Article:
During the Snake Dance–according to this first-person description of the dance from 1927– the Antelope Priests climb out of the kiva and into the communal plaza in a line, stomping in time with the beat, circling the plaza four times. In the center of the plaza is a structure made of cottonwood boughs, about ten feet tall and six feet in diameter. Before the structure there is a board that covers a little pit which represents the entrance to the underworld. As the dancers pass the structure they stomp on the board to let the spirits know the Snake dance is about to begin. The Snake Priests come out next and vigorously
circle the plaza four times, their right feet stomping higher than the left. They then face the Antelope Priests. The Snake Priests have wands made out of feathers. They tap the wands in the air rapidly in time with the rhythm, which seems to vary in count. Then, an old man who is experiencing his initiation into the Snake priesthood passes out snakes to the Snake Priests, some of who hold them, others of whom wave their wands in front of the snakes’ heads. The Snake Priests then pass them to each other, not concerned about bites because, after all, they have drunk potions making them immune to the poison of the venomous ones. (Warning: Kids, you ARE NOT a trained Hopi snake handler. Whether or not they are actually immune to the venom of snakes, you certainly aren’t.) At a point in the ritual, dancers even hold the snakes in their mouths. (Warning: Kids, and all those who are not trained as Hopi snake handlers–DO NOT put a snake your mouth. Bad idea. Even if you really really really want to bring rain.) At the end of the dance, if the dance has been done correctly and the sixteen day ritual properly timed, dark storm clouds fill the sky, thunder claps and the skies open up to provide crops with the necessary rain.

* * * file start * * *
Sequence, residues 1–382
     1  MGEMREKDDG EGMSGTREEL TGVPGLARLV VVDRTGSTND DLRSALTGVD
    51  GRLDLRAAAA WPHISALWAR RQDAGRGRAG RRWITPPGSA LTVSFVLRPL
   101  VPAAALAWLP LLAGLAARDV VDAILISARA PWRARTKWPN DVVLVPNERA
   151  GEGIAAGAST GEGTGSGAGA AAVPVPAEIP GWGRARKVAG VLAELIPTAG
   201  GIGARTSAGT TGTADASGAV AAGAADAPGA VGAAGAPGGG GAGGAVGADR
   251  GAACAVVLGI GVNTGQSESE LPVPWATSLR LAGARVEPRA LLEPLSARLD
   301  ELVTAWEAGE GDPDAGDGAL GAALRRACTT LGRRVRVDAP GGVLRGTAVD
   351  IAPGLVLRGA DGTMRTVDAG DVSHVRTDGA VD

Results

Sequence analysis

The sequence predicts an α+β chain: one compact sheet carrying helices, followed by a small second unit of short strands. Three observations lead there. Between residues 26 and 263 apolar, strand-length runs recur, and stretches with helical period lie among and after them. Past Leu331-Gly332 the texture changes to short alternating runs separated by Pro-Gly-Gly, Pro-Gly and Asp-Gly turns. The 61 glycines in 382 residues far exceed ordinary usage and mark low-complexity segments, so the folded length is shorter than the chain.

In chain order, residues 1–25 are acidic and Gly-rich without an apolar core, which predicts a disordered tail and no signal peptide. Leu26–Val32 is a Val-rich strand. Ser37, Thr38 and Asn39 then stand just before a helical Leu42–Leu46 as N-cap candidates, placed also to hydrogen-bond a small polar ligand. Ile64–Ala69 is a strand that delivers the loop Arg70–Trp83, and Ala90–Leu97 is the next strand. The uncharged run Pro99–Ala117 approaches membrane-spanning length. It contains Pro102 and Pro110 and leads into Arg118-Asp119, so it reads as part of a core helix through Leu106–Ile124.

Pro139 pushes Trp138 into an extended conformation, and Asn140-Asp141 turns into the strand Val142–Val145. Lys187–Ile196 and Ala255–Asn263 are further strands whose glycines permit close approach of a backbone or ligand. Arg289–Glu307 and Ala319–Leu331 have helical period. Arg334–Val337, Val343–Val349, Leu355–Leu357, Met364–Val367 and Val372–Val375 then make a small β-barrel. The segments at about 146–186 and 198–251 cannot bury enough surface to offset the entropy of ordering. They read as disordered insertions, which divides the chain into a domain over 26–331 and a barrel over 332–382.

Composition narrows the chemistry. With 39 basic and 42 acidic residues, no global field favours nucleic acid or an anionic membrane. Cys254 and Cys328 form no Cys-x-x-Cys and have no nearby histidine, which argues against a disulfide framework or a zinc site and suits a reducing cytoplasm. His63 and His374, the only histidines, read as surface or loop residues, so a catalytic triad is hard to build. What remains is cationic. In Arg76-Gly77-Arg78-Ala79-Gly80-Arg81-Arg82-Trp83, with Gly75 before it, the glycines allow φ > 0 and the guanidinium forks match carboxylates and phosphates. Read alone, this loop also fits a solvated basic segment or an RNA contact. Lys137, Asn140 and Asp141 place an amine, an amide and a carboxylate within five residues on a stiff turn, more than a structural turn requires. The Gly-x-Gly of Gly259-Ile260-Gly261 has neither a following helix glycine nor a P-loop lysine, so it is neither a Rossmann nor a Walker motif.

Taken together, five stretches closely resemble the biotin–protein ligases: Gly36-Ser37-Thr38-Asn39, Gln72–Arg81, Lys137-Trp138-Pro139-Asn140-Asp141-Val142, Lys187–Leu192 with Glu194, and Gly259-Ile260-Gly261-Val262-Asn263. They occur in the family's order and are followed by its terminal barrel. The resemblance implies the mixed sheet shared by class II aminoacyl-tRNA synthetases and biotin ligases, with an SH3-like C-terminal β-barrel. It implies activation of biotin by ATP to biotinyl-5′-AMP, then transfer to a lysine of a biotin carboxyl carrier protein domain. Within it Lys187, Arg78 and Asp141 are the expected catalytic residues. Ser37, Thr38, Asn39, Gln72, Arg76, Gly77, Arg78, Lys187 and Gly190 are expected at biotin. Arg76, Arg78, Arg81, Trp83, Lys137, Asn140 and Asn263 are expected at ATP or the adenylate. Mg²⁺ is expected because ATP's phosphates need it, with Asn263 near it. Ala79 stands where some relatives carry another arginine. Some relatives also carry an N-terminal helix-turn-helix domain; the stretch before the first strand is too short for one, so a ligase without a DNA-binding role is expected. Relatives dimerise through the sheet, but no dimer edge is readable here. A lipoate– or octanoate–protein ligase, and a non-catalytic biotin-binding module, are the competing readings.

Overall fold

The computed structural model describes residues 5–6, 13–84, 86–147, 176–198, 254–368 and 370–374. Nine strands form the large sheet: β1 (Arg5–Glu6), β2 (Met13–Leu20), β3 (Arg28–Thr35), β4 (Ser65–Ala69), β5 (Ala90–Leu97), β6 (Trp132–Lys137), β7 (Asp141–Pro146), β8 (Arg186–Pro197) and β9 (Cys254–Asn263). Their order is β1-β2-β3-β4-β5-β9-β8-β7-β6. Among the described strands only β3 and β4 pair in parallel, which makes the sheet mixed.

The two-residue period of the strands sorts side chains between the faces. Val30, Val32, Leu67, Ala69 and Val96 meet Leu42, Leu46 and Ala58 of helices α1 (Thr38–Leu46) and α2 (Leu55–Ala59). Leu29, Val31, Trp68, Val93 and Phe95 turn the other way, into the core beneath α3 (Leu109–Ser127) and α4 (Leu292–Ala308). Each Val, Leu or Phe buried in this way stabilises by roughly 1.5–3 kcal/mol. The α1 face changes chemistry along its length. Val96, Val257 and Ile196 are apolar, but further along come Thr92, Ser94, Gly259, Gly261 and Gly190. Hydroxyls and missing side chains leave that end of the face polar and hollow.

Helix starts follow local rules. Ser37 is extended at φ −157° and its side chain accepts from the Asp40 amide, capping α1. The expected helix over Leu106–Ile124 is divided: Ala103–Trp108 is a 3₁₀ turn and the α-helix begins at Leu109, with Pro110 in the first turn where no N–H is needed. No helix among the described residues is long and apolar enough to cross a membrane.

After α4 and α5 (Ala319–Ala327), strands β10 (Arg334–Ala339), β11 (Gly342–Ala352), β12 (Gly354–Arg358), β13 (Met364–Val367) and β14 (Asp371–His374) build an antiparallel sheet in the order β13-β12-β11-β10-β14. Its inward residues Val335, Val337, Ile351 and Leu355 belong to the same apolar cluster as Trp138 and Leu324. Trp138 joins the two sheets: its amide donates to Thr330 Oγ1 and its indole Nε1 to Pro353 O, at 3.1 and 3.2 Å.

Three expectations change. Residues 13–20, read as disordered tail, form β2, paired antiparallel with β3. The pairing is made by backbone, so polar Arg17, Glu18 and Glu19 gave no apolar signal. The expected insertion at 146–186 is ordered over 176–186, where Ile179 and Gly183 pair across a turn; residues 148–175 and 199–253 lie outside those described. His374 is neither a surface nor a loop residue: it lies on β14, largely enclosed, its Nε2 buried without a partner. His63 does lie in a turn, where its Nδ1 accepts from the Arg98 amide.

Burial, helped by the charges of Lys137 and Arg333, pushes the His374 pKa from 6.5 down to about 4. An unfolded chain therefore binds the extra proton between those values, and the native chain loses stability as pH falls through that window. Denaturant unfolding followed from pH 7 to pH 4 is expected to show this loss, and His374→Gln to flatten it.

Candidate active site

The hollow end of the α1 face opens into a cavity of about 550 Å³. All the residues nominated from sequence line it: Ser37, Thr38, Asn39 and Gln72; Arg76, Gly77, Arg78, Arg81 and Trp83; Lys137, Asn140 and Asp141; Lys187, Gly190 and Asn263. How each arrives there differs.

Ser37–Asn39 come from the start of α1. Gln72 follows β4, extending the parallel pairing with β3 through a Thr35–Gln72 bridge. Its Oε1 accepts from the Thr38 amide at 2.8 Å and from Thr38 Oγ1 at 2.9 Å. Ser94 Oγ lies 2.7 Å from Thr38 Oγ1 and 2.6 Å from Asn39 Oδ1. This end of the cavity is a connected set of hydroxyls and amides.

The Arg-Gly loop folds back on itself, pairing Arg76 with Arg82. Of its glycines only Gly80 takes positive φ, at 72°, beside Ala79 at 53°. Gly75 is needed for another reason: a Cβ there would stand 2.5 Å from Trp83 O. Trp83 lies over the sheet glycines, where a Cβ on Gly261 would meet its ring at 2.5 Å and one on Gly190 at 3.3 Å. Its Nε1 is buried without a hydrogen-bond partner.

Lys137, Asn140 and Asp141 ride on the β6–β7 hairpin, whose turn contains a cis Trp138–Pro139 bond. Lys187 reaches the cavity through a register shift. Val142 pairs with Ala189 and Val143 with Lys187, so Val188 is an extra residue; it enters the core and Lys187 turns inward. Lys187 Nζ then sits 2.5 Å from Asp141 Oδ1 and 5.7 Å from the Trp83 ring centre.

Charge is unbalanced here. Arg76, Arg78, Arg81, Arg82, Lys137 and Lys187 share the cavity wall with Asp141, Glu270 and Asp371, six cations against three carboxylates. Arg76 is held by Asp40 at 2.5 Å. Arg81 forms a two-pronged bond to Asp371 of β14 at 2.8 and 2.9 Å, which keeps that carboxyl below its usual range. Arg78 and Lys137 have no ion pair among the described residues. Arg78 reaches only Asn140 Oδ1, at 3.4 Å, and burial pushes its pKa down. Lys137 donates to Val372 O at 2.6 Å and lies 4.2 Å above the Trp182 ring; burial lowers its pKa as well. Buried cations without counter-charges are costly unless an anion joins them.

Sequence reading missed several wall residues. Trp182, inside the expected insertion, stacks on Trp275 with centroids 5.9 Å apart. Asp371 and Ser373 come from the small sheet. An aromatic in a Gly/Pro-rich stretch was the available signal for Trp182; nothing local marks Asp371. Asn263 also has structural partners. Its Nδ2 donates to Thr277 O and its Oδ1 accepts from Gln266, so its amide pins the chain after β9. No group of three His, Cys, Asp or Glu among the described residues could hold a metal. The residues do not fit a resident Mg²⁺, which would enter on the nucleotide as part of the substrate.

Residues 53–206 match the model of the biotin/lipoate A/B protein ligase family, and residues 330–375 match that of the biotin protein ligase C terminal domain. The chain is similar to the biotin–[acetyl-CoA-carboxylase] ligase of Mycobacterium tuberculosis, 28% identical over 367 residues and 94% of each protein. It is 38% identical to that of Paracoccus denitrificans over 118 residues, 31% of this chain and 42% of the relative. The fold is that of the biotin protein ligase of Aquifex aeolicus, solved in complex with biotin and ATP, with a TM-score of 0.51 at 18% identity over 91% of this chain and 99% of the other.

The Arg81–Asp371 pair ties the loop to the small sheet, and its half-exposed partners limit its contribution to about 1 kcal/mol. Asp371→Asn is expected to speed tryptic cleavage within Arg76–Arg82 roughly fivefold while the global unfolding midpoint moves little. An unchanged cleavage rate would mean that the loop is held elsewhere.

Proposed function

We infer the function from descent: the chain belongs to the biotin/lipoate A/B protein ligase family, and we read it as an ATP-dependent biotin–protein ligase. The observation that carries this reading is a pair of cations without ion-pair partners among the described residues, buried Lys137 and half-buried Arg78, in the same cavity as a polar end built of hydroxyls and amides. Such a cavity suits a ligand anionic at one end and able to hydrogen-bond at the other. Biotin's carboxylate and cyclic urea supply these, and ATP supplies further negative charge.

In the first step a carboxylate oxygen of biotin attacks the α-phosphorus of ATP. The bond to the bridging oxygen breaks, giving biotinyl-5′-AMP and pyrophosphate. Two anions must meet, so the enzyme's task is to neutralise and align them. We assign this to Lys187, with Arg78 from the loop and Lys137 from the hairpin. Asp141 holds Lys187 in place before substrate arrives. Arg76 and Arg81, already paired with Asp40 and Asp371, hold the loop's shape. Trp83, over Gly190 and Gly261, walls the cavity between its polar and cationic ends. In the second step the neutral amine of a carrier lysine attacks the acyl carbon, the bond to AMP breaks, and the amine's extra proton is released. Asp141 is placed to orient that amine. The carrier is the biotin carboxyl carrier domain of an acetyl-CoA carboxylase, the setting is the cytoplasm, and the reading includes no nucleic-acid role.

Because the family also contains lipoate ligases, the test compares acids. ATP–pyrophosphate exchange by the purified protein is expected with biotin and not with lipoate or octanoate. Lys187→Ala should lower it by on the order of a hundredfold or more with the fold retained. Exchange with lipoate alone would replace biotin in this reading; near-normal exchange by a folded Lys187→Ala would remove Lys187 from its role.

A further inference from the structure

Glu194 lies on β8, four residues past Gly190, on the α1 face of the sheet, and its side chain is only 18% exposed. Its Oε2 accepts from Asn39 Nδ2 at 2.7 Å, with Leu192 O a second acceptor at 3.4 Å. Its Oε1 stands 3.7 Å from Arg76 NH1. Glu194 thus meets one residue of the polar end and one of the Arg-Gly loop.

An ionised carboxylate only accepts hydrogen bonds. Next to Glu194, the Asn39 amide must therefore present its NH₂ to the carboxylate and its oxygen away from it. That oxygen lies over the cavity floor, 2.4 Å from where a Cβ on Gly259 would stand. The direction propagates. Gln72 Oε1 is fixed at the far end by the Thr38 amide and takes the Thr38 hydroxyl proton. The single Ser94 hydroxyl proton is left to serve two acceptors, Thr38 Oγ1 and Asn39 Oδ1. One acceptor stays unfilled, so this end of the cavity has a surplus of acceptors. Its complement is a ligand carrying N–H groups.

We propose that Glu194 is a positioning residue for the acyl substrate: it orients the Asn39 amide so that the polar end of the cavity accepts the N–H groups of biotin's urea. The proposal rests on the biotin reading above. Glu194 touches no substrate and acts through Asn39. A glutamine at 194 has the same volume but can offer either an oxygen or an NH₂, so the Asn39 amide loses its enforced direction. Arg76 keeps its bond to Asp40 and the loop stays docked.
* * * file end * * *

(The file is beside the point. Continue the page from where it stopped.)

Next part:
Do you not believe the Hopi Snake Dance brings rain? Read this account from Indian Country Today entitles “He

Arrived a Skeptic, But Left a Believer in the Power and Wisdom of Hopi Rain Dance.” You should also know indigenous people all over world have been controlling the weather for eons. See “Indigenous Weather Modification: Examples,” which includes a detailed description of the Hopi Snake Dance.